Ed thought he recognised the figure almost as soon as it turned into the narrow alley behind the almshouse cottages. His immediate reaction was to jump off the wall he was perched on and escape down the path at the side of old Mrs Joiner’s place. He could get back to the road that way without having to speak to Edgworth. It wasn’t that he disliked Tom Edgworth. He didn’t. They’d been friends of sorts at school, not that long ago, but Tom was an odd one Ed thought. Not aggressive as such, not mean really and not even particularly unruly at school. Some of the teachers had had it in for him. Bit odd of them really when you thought about it. They were ‘green’ and ‘animal lovers’ but didn’t seem to like Tom’s country ways at all. Ed remembered a ‘show and tell’, some daft American idea, where Tom had brought his ferret. Didn’t like that animal did they? Ed smiled. Not really that bad a bloke Tom. They’d spent one summer fishing for trout and selling them on. Trouble was they’d gone fishing with gunpowder packed in tins. ‘Bang!’ and all the silvery bodies floated up to the surface of old Turbemere’s lake and you scooped a nice bit of earnings. Tom said his granddad had showed him that trick. Better than sitting there all day with a line and getting nicked for poaching and no licence. One bang, five minutes frantic netting and off before Turbemere’s water bailiff could get a look at you, never mind catch you.
Ed looked up the alley again. Definitely Tom. You could tell by the strut in his step that he’d seen and recognised Ed too. Couldn’t walk off now without offending him.
Problem had been the police were a bit hotter on explosions than in grandad’s day. Lot of bother, but no charges in the end. Couldn’t prove it, and Tom and Ed had just denied it all. Tom reckoned they just visited all the kids in the village. Ed hadn’t liked it. His mum and dad had been furious having police round the house. ‘I told you them Edgworths were no good didn’t I boy?’ his dad had yelled at him. Ed had nodded. ‘And that Tom is worse than any of ’em.’ Ed had nodded again. ‘Stay away from them boy. Won’t go wrong if you stay away from them. Weird buggers they are.’
‘Why weird Dad?’ Ed had felt emboldened to ask now Dad’s ire was turned elsewhere. His father had glanced at his mother who gave one small shake of her head. ‘Never mind boy. You find some other friends that’s all.’ So he pretty much had. Couldn’t avoid Tom completely in a village mind. But there had been no more fishing trips. And now they’d left school and both found that there was no work in a village anymore, with good exams or no exams. Time lay heavy on Ed’s hands. He’d more or less decided to go to Uni next year after all. Tom didn’t have that option.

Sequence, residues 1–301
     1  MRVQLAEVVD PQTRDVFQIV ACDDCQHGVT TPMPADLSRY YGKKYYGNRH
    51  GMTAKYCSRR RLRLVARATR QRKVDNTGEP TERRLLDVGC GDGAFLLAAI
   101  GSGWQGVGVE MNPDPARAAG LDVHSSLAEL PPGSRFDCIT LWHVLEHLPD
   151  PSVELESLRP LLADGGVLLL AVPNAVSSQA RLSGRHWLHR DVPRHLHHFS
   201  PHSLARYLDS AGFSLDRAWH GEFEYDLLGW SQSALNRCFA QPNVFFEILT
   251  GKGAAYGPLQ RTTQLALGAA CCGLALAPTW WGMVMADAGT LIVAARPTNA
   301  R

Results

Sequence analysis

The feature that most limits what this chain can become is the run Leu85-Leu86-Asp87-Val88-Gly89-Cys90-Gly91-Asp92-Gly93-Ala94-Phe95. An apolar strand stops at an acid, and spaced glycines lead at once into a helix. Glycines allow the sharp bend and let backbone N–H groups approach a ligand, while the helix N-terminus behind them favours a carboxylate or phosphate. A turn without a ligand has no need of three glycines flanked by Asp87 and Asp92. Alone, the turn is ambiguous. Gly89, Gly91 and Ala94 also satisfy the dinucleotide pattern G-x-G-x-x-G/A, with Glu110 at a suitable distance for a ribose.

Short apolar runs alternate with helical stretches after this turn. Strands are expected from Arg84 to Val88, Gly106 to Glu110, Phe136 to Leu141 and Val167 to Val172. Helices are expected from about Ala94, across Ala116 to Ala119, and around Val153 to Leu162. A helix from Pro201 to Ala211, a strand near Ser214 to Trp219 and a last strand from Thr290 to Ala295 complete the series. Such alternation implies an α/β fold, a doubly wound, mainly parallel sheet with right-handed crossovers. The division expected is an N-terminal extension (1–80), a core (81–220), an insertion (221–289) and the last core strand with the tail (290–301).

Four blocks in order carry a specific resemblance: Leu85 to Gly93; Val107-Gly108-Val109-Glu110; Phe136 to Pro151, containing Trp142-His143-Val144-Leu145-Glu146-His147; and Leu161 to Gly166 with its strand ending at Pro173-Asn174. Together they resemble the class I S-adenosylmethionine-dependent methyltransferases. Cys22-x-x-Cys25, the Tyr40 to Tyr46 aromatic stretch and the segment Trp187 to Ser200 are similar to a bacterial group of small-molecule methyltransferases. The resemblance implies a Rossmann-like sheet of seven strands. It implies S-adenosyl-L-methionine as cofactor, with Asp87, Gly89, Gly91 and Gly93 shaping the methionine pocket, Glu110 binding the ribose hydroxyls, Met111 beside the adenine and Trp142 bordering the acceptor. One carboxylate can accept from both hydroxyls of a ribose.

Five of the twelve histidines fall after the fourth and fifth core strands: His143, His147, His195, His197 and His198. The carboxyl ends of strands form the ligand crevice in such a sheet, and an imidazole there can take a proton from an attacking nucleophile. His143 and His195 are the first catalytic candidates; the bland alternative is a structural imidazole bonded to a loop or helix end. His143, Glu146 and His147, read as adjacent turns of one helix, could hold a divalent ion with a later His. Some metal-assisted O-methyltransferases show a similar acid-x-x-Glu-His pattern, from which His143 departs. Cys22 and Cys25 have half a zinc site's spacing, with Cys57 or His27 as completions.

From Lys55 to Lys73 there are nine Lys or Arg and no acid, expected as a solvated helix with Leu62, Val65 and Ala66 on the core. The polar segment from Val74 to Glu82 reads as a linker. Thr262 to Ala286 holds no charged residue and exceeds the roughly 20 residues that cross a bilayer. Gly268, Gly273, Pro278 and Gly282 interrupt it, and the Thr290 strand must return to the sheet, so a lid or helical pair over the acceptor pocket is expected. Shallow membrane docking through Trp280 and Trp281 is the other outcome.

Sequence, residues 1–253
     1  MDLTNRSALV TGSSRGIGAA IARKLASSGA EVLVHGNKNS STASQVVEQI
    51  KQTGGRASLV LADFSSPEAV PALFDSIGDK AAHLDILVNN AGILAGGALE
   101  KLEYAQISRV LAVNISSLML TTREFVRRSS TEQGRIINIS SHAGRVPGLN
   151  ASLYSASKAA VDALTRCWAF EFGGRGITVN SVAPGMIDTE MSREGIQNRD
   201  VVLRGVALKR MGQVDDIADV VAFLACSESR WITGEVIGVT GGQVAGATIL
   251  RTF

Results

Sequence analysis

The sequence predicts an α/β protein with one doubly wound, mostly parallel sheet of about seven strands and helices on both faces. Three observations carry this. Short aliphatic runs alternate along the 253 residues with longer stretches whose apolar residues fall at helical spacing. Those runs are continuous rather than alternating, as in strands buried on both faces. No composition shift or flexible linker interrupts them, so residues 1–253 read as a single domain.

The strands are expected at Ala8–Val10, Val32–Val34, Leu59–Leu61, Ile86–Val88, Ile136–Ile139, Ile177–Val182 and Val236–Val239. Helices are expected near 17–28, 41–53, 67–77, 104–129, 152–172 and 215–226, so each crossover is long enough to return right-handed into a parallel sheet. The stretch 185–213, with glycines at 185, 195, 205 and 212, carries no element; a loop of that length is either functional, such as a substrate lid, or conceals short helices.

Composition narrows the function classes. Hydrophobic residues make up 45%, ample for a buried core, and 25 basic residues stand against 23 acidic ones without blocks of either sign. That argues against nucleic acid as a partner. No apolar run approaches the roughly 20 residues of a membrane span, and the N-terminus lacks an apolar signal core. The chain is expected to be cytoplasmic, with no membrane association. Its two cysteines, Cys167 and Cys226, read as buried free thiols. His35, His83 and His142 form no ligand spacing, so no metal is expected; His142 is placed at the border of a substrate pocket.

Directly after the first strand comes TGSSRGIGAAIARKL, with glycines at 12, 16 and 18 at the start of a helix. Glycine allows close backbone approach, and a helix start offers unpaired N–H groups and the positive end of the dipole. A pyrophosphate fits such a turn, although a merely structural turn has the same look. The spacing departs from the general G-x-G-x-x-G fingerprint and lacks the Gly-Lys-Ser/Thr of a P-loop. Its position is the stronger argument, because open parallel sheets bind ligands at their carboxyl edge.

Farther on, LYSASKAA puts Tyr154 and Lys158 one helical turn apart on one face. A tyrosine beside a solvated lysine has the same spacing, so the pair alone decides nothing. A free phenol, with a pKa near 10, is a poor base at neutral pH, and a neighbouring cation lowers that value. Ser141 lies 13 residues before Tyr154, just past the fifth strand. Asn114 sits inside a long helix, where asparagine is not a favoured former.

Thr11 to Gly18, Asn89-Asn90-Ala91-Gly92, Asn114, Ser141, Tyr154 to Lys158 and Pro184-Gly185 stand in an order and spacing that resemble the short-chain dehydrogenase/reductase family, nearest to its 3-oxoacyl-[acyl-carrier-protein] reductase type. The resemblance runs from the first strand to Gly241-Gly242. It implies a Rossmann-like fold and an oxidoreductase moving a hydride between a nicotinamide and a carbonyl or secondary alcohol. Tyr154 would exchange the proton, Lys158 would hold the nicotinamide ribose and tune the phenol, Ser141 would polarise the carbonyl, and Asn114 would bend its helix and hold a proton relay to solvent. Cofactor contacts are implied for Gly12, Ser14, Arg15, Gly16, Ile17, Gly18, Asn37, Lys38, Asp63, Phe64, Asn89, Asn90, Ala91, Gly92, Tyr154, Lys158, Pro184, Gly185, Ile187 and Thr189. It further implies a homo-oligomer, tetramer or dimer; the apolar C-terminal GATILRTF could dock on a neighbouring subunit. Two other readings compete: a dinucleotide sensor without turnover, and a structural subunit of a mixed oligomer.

Tom bounced down the alley between the back of the cottages and the tall yellow limestone wall of the old Sterven estate, long ago split up into its constituent farms and the hall sold off. Tom drew level with where Ed was sitting.
‘You going somewhere Tom?’ Ed asked.
‘No, rooted to the spot me.’
‘Well don’t be a prat then Ed Bayfield. Course I’m going somewhere. Why would I be walking down here otherwise?’
‘Going for a walk?’
‘I’d be going somewhere then, wouldn’t I?’
‘Nah, you’d be walking, but not to anywhere. ‘Cept back where you started of course.’
‘Well I’m not. I’m going somewhere.’
‘Where you going?’
‘What’s it to you? You me mum are you?’
‘She doesn’t care where you are.’
Ed jumped down from the wall he’d been sitting on and fell in step beside Tom Edgworth.
‘Where we off?’
‘Oh it’s “we” now is it?’
‘Don’t mind a bit of company do you? I’m bored out of my skull.’
Tom looked his companion up and down.
‘No, that’s okay Ed. You can make yourself useful though, carry that.’ And with that he slung the old fashioned haversack he’d been carrying at Ed.
‘What’s in it?
‘Why you carrying it then?’
‘I’m not. You are.’
‘Very funny. You know what I mean. Why am I carrying it?’
‘Cause you’re a prat and you’re bored.’
‘Ta very much.’
Tom turned left at the end of the walled pathway and vaulted the gate that blocked the way. Ed climbed after him.
‘This is Chucker’s land. He’ll go spare if he catches us.’
‘Well he isn’t going to is he? It’s Tuesday, he’s up the market in town.’
‘I thought they’d shut that?’
‘Nah, they closed the old one, the one that sold useful stuff. It’s what they call a farmers market now. Chucker takes stuff up there.’
‘What, lambs and stuff?’
‘Can’t kill his own these days, gotta go to an abattoir.’
‘What’s he sell then?’
‘Few veg his missus grows, few birds he shoots, potatoes, and a load of crap he buys in and slaps Sterven Farm labels on.’
‘Ah well, gives us a chance for a little enterprise, doesn’t it?’
Ed hefted the canvas sack and looked at Tom.
‘Enterprise? What? Like the fish?’
‘You can chuck us the bag and go back if you like.’
‘I didn’t say that.’
‘Good. Let’s get down in the lane.’